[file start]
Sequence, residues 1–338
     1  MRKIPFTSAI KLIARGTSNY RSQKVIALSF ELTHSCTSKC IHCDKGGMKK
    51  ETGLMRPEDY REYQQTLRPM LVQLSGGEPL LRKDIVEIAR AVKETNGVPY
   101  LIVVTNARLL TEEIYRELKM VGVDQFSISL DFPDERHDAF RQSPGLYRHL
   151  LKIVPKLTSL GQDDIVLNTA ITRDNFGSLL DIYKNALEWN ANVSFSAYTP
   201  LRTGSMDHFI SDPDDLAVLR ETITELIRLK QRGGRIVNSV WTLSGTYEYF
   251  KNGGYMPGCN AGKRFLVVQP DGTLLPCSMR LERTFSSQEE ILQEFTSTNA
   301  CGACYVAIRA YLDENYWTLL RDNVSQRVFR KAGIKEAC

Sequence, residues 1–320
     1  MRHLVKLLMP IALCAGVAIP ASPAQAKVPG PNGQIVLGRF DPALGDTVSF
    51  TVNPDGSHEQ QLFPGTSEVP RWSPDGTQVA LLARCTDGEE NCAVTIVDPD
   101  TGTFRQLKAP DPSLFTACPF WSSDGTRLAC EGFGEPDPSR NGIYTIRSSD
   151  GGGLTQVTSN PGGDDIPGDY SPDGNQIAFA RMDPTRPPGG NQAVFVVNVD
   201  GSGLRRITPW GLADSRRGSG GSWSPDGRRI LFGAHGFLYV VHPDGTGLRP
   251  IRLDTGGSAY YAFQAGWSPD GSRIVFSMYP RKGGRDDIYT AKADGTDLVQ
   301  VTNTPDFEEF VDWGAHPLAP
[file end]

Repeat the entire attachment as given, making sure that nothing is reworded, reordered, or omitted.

Sequence, residues 1–338
     1  MRKIPFTSAI KLIARGTSNY RSQKVIALSF ELTHSCTSKC IHCDKGGMKK
    51  ETGLMRPEDY REYQQTLRPM LVQLSGGEPL LRKDIVEIAR AVKETNGVPY
   101  LIVVTNARLL TEEIYRELKM VGVDQFSISL DFPDERHDAF RQSPGLYRHL
   151  LKIVPKLTSL GQDDIVLNTA ITRDNFGSLL DIYKNALEWN ANVSFSAYTP
   201  LRTGSMDHFI SDPDDLAVLR ETITELIRLK QRGGRIVNSV WTLSGTYEYF
   251  KNGGYMPGCN AGKRFLVVQP DGTLLPCSMR LERTFSSQEE ILQEFTSTNA
   301  CGACYVAIRA YLDENYWTLL RDNVSQRVFR KAGIKEAC

Sequence, residues 1–320
     1  MRHLVKLLMP IALCAGVAIP ASPAQAKVPG PNGQIVLGRF DPALGDTVSF
    51  TVNPDGSHEQ QLFPGTSEVP RWSPDGTQVA LLARCTDGEE NCAVTIVDPD
   101  TGTFRQLKAP DPSLFTACPF WSSDGTRLAC EGFGEPDPSR NGIYTIRSSD
   151  GGGLTQVTSN PGGDDIPGDY SPDGNQIAFA RMDPTRPPGG NQAVFVVNVD
   201  GSGLRRITPW GLADSRRGSG GSWSPDGRRI LFGAHGFLYV VHPDGTGLRP
   251  IRLDTGGSAY YAFQAGWSPD GSRIVFSMYP RKGGRDDIYT AKADGTDLVQ
   301  VTNTPDFEEF VDWGAHPLAP